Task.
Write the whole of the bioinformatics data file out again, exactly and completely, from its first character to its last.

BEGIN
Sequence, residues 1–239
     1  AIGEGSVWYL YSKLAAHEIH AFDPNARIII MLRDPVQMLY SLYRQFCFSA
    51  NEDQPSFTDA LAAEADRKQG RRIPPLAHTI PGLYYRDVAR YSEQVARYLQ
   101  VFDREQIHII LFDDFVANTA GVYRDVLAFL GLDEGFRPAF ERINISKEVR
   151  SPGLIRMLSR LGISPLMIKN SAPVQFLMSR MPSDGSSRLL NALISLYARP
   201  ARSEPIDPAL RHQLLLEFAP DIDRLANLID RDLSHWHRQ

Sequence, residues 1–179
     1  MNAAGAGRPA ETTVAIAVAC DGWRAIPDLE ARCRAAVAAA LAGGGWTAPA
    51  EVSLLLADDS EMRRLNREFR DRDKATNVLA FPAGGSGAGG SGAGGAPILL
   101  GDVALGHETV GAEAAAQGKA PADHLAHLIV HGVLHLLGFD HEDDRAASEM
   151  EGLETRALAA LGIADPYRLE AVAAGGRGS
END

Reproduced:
Sequence, residues 1–239
     1  AIGEGSVWYL YSKLAAHEIH AFDPNARIII MLRDPVQMLY SLYRQFCFSA
    51  NEDQPSFTDA LAAEADRKQG RRIPPLAHTI PGLYYRDVAR YSEQVARYLQ
   101  VFDREQIHII LFDDFVANTA GVYRDVLAFL GLDEGFRPAF ERINISKEVR
   151  SPGLIRMLSR LGISPLMIKN SAPVQFLMSR MPSDGSSRLL NALISLYARP
   201  ARSEPIDPAL RHQLLLEFAP DIDRLANLID RDLSHWHRQ

Sequence, residues 1–179
     1  MNAAGAGRPA ETTVAIAVAC DGWRAIPDLE ARCRAAVAAA LAGGGWTAPA
    51  EVSLLLADDS EMRRLNREFR DRDKATNVLA FPAGGSGAGG SGAGGAPILL
   101  GDVALGHETV GAEAAAQGKA PADHLAHLIV HGVLHLLGFD HEDDRAASEM
   151  EGLETRALAA LGIADPYRLE AVAAGGRGS